Thursday night’s GOP debate was a Fox News affair from beginning to end. Brett Baier opened by asking the candidates onstage to pledge their fealty to the Republican Party. Megyn Kelly ended it by asking them a question about God that morphed into one about God and veterans. You can’t get much more Fox News than that. Despite that—or actually, because of it—the prime-time event was a complete and total success: Fox News being Fox News and also Fox News at its best.
For two hours, Baier, Kelly, and Chris Wallace kept 10 Republican hopefuls on topic and within their time limits. The moderators never allowed the debate to became a free-for-all, nor, worse, a one-for-all. They asked well-worded and thought-out questions that highlighted major differences within the Republican Party on a number of topics, including immigration, Social Security, and national surveillance—the last of which prompted one of the more memorable clashes of the night. “I don’t trust President Obama with our records,” Rand Paul told Chris Christie, adding: “I know you gave him a big hug.” Christie shot back: “The hugs that I remember are the hugs that I gave to the families who lost their people on Sept. 11.”
And when the Fox News trio couldn’t lead the candidates into the ring with one another, they put on the gloves themselves. They grilled Scott Walker and Marco Rubio on their inconsistent immigration views. They pressed Ben Carson on foreign policy and his general political inexperience, Mike Huckabee on Social Security, and Ted Cruz on his divisiveness. And they went after Ohio hometown hero John Kasich on his decision to accept Obamacare’s Medicaid expansion and his opposition to gay marriage.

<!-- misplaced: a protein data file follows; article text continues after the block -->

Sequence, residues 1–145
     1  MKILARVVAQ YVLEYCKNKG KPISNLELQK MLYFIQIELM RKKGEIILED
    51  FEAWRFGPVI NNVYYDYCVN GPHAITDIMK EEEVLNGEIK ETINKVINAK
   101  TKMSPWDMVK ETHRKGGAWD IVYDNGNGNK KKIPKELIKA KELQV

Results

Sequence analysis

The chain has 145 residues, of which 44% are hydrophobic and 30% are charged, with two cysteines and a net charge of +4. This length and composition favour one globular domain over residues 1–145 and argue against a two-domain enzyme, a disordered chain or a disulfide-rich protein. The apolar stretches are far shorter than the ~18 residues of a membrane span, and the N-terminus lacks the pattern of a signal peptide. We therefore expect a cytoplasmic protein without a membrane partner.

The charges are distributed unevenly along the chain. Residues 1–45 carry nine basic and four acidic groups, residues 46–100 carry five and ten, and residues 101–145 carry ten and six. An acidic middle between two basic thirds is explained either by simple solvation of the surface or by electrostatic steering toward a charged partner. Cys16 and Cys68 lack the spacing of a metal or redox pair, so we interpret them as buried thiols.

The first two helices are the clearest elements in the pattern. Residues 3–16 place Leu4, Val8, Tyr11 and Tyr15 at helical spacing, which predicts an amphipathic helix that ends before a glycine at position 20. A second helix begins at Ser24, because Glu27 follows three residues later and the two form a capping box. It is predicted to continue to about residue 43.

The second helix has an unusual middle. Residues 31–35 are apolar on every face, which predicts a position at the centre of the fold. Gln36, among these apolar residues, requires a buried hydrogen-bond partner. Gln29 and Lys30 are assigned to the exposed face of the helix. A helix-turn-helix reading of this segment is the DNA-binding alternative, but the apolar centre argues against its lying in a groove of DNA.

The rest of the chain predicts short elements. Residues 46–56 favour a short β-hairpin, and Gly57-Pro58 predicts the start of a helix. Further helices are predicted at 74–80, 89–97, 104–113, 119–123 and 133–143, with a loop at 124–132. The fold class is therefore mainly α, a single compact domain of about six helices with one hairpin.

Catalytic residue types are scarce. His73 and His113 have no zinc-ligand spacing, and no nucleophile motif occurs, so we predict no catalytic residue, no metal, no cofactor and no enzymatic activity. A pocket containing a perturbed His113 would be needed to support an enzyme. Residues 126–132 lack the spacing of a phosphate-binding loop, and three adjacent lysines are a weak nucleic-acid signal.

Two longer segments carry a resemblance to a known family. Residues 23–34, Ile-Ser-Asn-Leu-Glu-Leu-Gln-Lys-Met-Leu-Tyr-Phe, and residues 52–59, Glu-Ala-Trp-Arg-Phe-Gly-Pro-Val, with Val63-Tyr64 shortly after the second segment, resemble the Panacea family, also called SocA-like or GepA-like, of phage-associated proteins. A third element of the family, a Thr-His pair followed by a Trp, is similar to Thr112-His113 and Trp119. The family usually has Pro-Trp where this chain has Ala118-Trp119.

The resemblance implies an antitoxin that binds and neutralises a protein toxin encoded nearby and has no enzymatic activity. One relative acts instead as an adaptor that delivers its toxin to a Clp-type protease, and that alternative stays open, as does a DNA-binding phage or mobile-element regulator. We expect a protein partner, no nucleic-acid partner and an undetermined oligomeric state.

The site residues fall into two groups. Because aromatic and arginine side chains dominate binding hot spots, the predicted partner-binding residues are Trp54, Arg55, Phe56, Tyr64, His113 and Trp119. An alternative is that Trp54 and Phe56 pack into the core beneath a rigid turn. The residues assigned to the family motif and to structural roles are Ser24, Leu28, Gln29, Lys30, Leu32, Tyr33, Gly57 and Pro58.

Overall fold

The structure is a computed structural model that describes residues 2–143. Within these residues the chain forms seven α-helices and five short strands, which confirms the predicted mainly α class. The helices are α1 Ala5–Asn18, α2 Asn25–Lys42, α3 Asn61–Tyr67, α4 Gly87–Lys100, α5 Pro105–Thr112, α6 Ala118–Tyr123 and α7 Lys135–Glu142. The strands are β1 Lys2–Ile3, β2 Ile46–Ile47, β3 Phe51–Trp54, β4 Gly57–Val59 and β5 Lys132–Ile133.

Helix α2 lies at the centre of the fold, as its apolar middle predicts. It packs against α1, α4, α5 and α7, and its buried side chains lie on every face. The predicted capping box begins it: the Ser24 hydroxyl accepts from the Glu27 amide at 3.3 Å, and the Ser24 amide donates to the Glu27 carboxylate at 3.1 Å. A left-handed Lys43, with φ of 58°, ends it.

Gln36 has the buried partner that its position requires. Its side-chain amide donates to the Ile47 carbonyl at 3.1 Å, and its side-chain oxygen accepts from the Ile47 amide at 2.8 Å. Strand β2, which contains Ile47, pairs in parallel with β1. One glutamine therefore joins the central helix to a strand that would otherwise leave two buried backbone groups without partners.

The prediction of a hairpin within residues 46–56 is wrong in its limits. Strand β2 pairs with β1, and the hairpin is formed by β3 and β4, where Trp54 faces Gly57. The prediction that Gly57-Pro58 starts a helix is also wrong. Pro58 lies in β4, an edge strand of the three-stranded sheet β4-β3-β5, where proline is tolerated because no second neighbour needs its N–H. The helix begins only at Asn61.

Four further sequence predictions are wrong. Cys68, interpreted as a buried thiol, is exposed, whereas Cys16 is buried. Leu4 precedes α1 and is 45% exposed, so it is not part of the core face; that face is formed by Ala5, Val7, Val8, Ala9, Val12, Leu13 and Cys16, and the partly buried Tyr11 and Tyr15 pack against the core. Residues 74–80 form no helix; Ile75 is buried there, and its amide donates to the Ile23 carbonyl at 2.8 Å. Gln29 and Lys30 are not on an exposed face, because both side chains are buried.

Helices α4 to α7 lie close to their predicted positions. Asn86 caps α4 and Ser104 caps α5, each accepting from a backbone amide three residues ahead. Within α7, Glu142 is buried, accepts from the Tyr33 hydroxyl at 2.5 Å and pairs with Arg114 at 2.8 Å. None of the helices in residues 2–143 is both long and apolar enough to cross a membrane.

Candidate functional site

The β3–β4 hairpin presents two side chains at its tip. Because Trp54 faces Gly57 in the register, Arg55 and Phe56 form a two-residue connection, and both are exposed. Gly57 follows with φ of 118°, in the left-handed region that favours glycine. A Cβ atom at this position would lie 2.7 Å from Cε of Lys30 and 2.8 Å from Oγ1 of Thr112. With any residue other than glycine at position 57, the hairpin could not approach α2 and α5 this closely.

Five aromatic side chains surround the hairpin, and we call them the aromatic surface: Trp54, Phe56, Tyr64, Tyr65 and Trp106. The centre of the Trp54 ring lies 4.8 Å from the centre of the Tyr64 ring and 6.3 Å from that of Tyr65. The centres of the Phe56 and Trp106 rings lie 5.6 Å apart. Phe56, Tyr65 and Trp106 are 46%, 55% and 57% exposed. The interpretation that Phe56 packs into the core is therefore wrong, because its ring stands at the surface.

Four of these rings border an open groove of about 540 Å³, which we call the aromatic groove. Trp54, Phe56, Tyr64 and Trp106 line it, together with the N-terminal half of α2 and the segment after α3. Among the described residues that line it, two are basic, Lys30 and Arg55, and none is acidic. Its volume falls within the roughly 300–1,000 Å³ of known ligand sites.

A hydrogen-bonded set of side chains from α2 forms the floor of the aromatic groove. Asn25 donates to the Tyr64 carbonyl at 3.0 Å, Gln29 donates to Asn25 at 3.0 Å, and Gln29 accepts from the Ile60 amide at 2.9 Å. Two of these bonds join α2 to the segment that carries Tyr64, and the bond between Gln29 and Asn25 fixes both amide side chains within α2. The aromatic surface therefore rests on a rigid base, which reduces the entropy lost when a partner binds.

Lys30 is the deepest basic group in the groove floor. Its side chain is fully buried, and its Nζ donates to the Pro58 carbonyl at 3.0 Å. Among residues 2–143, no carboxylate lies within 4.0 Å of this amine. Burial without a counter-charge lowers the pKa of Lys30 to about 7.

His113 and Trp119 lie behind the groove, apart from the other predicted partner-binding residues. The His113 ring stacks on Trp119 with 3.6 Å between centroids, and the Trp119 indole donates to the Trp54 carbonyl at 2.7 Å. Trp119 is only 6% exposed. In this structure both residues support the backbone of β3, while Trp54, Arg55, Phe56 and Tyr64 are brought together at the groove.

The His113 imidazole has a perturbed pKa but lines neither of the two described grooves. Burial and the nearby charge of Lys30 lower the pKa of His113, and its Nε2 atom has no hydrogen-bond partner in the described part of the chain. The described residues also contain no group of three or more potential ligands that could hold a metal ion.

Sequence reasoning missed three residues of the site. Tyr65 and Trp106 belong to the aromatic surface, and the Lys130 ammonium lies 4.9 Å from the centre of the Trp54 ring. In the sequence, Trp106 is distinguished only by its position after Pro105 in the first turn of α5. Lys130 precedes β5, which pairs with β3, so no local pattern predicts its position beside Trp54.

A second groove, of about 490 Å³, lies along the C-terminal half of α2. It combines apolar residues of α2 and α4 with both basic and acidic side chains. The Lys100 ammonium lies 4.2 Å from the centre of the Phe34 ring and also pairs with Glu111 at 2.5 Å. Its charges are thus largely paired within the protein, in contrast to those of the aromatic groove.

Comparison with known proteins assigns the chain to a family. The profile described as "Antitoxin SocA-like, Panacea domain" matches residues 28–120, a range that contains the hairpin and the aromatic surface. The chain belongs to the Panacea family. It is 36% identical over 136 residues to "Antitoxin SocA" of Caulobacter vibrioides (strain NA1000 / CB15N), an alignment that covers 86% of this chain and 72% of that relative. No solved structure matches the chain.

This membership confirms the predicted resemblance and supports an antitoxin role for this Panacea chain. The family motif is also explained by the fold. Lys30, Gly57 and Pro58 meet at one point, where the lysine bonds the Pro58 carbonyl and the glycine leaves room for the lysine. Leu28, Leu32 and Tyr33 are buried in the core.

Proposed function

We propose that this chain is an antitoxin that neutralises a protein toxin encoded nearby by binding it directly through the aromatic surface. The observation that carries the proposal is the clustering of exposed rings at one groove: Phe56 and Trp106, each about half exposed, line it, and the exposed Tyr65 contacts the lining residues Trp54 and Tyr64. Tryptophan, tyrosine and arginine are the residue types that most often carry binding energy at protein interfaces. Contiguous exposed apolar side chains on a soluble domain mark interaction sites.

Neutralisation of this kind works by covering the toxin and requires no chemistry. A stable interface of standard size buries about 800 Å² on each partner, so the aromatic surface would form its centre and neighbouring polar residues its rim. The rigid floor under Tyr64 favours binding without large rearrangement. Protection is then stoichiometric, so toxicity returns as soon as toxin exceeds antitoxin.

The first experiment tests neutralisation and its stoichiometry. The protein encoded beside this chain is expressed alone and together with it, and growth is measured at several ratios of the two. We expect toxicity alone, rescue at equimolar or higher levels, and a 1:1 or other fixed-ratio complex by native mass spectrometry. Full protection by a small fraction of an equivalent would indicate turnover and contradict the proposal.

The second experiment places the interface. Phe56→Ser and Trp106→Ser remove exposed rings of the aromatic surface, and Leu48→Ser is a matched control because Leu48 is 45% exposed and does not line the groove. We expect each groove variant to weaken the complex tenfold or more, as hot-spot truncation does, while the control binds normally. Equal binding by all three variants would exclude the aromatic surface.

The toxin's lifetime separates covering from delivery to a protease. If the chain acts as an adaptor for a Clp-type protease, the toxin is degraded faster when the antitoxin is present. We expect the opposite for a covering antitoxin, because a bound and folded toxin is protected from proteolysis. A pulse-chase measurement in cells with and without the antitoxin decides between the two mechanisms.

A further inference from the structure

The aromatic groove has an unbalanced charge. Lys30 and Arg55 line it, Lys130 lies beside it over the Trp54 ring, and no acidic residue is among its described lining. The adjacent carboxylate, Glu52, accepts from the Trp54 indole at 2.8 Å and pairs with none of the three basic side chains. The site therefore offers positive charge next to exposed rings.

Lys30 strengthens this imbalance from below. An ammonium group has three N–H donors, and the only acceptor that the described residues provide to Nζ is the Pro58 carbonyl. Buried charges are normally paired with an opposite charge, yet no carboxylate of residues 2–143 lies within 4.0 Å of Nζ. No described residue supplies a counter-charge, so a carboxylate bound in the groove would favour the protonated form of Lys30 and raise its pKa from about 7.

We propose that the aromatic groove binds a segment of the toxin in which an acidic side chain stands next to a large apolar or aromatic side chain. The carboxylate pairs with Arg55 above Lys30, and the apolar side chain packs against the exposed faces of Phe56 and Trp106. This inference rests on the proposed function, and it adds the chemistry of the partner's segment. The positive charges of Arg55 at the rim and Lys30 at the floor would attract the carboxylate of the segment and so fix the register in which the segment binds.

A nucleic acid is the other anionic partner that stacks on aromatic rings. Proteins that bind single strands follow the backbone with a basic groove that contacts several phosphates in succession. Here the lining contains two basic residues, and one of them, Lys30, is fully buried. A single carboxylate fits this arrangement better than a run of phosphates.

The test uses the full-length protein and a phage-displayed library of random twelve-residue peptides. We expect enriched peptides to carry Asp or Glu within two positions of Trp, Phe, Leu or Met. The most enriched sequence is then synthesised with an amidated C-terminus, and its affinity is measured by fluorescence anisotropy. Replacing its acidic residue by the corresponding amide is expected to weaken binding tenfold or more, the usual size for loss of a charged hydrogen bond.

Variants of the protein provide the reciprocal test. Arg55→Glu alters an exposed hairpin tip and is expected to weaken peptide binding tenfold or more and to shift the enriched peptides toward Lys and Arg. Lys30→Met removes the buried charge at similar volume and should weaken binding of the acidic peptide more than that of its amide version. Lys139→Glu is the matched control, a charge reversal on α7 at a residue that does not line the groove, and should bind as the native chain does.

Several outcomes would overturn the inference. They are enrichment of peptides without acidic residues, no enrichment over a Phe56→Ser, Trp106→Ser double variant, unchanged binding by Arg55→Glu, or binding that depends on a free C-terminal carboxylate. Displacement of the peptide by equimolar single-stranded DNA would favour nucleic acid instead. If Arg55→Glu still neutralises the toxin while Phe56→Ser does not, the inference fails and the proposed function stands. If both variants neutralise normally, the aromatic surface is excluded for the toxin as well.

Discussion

The trio was even more aggressive when it came to two of the men in the middle of the stage. They questioned Jeb Bush about three of his biggest perceived liabilities: Common Core, immigration, and the Iraq war. It was on that last topic that the Fox News moderators pressed the hardest, asking him what he would tell the families of those American soldiers who died in Iraq. “How,” Kelly asked, “do you look at them now and say your brother’s war was a mistake?”
The moderators even did the impossible: They kept Donald Trump from running the show. Baier set the tone from the outset when he asked for a show of hands from any candidate unwilling to promise right then and there to support the eventual GOP nominee and to swear off a third-party run. When, as expected, Trump raised his hand, Baier made sure the stakes were clear to everyone. “An independent run would almost certainly hand the race over to Democrats and likely another Clinton,” Baier told Trump. “You can't say tonight that you can make that pledge?”
Things didn’t get any easier for The Donald from there. Kelly ticked off some of the horrible things Trump has called women—“fat pigs,” “dogs,” “slobs,” and “disgusting animals”—and then asked him whether “that sounds to you like the temperament of a man we should elect as president.” Wallace pressed Trump to finally provide the evidence he says he has that the Mexican government is intentionally sending criminals to the United States (“Why not use this first Republican presidential debate to share your proof with the American people?”), and Baier zeroed in on Trump’s previous support of a single-payer health care system (“Why were you for that then and why aren't you for it now?”).
The typical post-debate analysis is unkind to the moderators, often because the moderators do not do a good job. But tonight the Fox News crew did the opposite: They hosted a rigorous and fun debate that made the GOP nominating contest finally look like a fair fight.